Local producer touts value of corn usage in ethanol

McPheeters doesn’t agree with AP story.

Gothenburg area farmer Scott McPheeters isn’t buying what a recent story says about the harmful environmental effects of corn production and ethanol.

An Associated Press article described corn farmers as plowing into pristine prairies and converting grassland into cropland. It also criticized the increased use of corn for fuel instead of food.

McPheeters, who is on the board of managers for the farmer-owned KAAPPA Ethanol plant near Minden, pointed to Renewable Fuels Association data that shows an increase of corn acres in 2012 and 2013 achieved through crop switching and not through cultivation of untouched prairie.

Although fewer acres exist in the Conservation Reserve Program (CRP) today, he said acres have increased in other conservation programs.

As far as the release of carbon dioxide (CO2) during the fermentation process, McPheeters said that CO2 is utilized by corn plants during the growing season to produce more corn and other types of vegetation.

“And the harm caused by burning fossil fuels is much more than the inputs we use in growing corn,” he explained.

In addition, McPheeters said the use of corn ethanol reduces greenhouse gas emissions by 34% compared to gasoline—a figure shared by the Argonne National Laboratory.

Responding to what the article said about corn requiring large amounts of fertilizer and other inputs that destroy native plants and wildlife habitat, McPheeters said producers use fewer inputs today.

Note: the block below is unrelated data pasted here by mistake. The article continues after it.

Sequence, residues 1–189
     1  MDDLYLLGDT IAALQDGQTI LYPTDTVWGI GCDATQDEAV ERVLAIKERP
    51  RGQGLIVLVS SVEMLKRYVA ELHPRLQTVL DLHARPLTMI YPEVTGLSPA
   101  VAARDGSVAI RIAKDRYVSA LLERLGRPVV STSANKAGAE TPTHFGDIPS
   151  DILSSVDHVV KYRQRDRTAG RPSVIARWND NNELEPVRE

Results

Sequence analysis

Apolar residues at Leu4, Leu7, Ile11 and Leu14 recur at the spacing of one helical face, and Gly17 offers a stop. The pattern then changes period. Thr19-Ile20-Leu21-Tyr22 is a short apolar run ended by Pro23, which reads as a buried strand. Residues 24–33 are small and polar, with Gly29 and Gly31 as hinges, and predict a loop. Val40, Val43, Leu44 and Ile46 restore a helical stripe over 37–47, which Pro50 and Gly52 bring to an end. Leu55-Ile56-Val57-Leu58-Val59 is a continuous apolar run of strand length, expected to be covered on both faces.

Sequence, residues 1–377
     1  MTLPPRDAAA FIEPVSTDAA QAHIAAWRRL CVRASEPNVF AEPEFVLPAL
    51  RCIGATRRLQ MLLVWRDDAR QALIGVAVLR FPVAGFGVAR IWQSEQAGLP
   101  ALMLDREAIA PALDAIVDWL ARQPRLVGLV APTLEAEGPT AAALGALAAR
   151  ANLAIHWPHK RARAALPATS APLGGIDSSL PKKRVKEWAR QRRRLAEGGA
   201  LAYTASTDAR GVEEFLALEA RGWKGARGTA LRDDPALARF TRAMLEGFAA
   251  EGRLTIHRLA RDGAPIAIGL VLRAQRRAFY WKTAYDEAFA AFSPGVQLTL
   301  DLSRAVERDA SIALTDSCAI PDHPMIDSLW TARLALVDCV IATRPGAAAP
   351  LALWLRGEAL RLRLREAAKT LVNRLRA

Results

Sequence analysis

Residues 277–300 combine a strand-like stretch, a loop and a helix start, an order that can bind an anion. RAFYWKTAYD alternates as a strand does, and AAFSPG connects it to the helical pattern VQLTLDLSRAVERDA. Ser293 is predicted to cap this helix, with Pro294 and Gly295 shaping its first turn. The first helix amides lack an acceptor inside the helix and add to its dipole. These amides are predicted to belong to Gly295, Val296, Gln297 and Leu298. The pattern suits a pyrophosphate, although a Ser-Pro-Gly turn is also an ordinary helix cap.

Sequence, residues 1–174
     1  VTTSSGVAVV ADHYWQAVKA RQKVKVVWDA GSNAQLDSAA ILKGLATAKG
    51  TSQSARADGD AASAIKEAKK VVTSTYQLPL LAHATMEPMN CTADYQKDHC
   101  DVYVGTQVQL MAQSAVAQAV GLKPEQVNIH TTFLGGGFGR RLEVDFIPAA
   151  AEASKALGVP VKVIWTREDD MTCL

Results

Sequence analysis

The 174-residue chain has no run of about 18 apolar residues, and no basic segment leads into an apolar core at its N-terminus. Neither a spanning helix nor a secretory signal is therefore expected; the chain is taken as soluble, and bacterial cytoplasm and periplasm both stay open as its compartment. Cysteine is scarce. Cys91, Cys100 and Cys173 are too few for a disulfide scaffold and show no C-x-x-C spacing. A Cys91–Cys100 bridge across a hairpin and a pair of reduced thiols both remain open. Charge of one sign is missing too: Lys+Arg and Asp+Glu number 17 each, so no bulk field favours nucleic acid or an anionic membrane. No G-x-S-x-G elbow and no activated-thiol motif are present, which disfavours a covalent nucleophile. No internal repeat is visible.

He noted that the main input to growing corn is sunlight which is converted to starch during the fermentation process.

“The bottom line is that we’re much more efficient,” he said. “Even if we’re growing more bushels, we’re using fewer resources doing it and getting more back.”

McPheeters said one acre of corn that produces 200 bushels will provide 540 gallons of fuel to drive a car 10,800 miles with nearly two tons of livestock feed left over.

One issue many people hear about is that ethanol production uses a lot of water.

He shared water usage comparison, pointing out that an ethanol plant in Nebraska uses the same amount of water each year as keeping a golf course green for a year or running one center pivot during a growing season.

“Corn, and its by products, feed livestock which, in turn, feed people,” he said. “Other by products can be used to make plastic and other things used in manufacturing,” he said.

He said much of the water used by ethanol plants—about 600 gallons a minute—is returned to the atmosphere and also goes into distillers grain for livestock.

“Animals drink less water because there’s a lot of it in distillers grain,” McPheeters said.

Corn-based distillers grains, manufactured through the ethanol-manufacturing industry, are sold as a high-protein livestock feed

On a trip to Washington D.C. with ethanol industry officials, he said one congressional representative noted that the United States has never sent a military presence to the plains to protect fields where corn is raised.

Yet, McPheeters said billions of dollars are spent protecting U.S. oil interests overseas and the United States expends more than a billion a day to buy foreign oil.

This e-mail address is being protected from spambots. You need JavaScript enabled to view it